The route has also been designed to minimise impact on the environment along this historic route, working around trees and hedgerows where possible while still achieving the widths required to accommodate the full range of users; and being delivered in a way that protects the historic route of the Roman Road.
The route will not only connect safely to the major and growing employment centre of the Cambridge Science Park, but also to employment and learning at Cambridge Regional College. It will allow onward connection into the National Cycle Network 51 (Busway to St Ives) and the Chisolm Trail at Cambridge North, which will pass through the heart of the city and connect to the Cambridge Biomedical Campus to the south. The route will increase the opportunity for people from Histon, Impington, Landbeach and Cottenham to cycle to the Science Park, Cambridge Research College and other locations in the north of the city and will also provide a pleasant leisure route out of Cambridge into the countryside. As the Waterbeach Greenway route is delivered, it will also provide a circular cycle loop between Waterbeach and the City.
Caroline added: “This is a really exciting piece of cycle investment which provides an opportunity to give the north of the City the same safe cycle connectivity as the south. It is a key part of the new development’s investment in sustainable travel for new residents and our neighbours.
“As a new development, Waterbeach is working hard to deliver a shift in the way people think, work and move about, and we are committed to moving people away from car use to regular cycle commuting. We will continue to work with local cycle groups and local communities, putting infrastructure in place from day one for our first residents moving in and creating the right information, incentives and culture to ensure Waterbeach provides a truly sustainable way of living.”
Some of the key elements of the Route will be delivered through different planning mechanisms, as set out below with the main features of the applications:
A10 Bridge: the design aims to ensure the bridge provides a positive landmark within the wider landscape and will connect the new footpaths and cycleways inside the development – as well as foot, cycle and bridleways in Waterbeach – with Mere Way on the other side of the A10. This has been designed to cover both the existing span of the A10 and a dualled A10 if this comes forward on the existing route in the future. This is being bought forward as part of both the Full Planning Application and Reserved Matters Applications which address key aspects of design around the on site area and connections where the bridge “lands”.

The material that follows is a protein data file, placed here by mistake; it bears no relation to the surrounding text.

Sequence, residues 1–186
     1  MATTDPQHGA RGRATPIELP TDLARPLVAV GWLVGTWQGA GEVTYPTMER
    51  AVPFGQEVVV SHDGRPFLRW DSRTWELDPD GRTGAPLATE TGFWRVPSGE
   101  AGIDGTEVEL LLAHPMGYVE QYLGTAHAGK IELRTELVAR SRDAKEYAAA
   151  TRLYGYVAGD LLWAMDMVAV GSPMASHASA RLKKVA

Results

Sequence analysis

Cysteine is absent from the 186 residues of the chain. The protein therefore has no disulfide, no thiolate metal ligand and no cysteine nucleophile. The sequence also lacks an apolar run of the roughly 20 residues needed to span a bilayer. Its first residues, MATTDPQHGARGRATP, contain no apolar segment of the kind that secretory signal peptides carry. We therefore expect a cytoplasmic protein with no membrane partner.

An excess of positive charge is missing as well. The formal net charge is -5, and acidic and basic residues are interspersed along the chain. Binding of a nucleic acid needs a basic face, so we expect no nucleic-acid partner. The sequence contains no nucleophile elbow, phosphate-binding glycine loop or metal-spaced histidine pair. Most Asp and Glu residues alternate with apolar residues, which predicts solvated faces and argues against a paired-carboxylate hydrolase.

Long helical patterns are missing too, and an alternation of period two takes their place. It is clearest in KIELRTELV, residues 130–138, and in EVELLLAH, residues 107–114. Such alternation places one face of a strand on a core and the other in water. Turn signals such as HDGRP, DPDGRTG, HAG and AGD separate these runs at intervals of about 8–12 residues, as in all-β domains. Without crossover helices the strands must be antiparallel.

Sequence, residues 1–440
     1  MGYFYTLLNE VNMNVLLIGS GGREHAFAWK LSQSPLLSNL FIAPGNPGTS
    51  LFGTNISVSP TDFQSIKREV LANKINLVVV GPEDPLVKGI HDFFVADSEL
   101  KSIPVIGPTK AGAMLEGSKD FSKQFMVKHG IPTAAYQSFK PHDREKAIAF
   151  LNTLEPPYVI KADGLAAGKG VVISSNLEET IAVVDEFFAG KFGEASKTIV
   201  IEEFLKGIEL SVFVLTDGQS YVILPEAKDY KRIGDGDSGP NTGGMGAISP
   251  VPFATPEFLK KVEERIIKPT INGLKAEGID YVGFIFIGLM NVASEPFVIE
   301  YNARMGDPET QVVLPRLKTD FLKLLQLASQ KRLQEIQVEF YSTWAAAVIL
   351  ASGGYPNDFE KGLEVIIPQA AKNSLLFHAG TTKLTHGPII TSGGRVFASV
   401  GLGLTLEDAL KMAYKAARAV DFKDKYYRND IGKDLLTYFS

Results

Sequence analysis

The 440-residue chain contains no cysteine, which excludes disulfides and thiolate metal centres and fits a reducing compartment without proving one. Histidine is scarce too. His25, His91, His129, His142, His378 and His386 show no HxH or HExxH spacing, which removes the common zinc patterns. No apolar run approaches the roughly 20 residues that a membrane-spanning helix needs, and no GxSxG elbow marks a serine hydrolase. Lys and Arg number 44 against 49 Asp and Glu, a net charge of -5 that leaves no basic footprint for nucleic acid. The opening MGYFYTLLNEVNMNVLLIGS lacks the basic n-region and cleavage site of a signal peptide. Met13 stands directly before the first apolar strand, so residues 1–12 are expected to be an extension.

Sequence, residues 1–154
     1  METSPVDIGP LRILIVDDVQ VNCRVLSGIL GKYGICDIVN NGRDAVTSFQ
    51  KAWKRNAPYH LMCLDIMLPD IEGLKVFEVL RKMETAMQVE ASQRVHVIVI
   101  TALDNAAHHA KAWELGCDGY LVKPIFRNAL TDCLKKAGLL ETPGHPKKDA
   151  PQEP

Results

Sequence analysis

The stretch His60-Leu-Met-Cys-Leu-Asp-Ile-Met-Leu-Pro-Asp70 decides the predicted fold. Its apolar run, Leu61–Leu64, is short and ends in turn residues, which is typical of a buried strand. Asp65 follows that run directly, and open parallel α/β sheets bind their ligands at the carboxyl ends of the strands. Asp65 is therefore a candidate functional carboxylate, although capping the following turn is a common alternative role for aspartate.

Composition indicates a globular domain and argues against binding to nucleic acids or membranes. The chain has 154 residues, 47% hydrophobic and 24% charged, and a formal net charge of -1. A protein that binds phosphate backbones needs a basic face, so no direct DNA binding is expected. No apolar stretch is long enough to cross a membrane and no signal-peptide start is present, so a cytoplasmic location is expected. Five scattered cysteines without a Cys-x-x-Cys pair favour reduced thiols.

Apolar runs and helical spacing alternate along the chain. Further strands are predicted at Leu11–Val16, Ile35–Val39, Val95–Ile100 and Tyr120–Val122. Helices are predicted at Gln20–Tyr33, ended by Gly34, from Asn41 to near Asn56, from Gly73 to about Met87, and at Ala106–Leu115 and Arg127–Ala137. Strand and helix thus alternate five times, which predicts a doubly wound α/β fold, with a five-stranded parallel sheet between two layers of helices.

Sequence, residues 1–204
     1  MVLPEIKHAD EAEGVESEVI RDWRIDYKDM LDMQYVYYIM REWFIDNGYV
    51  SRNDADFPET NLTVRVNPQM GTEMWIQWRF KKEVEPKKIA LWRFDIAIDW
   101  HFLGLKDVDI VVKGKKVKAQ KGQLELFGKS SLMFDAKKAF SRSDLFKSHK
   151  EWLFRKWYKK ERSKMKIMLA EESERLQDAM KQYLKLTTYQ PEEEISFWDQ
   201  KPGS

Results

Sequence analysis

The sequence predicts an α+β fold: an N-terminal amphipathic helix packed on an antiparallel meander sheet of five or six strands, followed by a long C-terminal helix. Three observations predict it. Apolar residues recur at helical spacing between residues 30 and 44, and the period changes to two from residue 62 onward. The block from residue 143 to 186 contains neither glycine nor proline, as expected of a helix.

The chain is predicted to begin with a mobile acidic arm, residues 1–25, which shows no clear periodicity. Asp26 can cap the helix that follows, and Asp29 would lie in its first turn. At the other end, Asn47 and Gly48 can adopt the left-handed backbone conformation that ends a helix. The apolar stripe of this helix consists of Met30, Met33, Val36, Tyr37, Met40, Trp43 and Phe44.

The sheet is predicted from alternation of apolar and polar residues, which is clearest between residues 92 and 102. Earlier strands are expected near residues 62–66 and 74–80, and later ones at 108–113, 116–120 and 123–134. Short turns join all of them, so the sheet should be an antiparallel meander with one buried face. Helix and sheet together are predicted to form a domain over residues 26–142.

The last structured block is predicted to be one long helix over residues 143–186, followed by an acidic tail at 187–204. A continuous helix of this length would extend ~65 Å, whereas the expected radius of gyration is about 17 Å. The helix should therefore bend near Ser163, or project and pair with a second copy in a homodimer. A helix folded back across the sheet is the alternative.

New Cycle connection from the A10 bridge to connect to Green End, Landbeach, following historic field boundaries. This will come forward as a Full Planning Application, and therefore will be featured on the South Cambs Planning Register and be subject to a 21 day consultation.
Cycle route through Landbeach, following Green End, Spaldings Lane and Cockfen Road will be delivered under a Section 278 agreement with Cambridgeshire County Council as it is existing Public Highway. This is not formally consulted on by the Authorities post-submission, as it is not part of the planning process, but changes to the existing Highway. That is partly why we did such extensive consultation prior to submission.
Akeman Street and Mere Way: upgrading the existing byway, which runs from Landbeach, crosses Butt Lane and goes under the A14 to connect to Cambridge Science Park and Cambridge Regional College. This Will be delivered under a Section 278 agreement with Cambridgeshire County Council. This is not formally consulted on by the Authorities post-submission, as it is not part of the planning process, but changes to the existing Highway. That is why we did such extensive consultation prior to submission.
We are really grateful to everyone who took the time to share their thoughts and ideas with us to ensure this significant investment really brings as many benefits as possible to local people.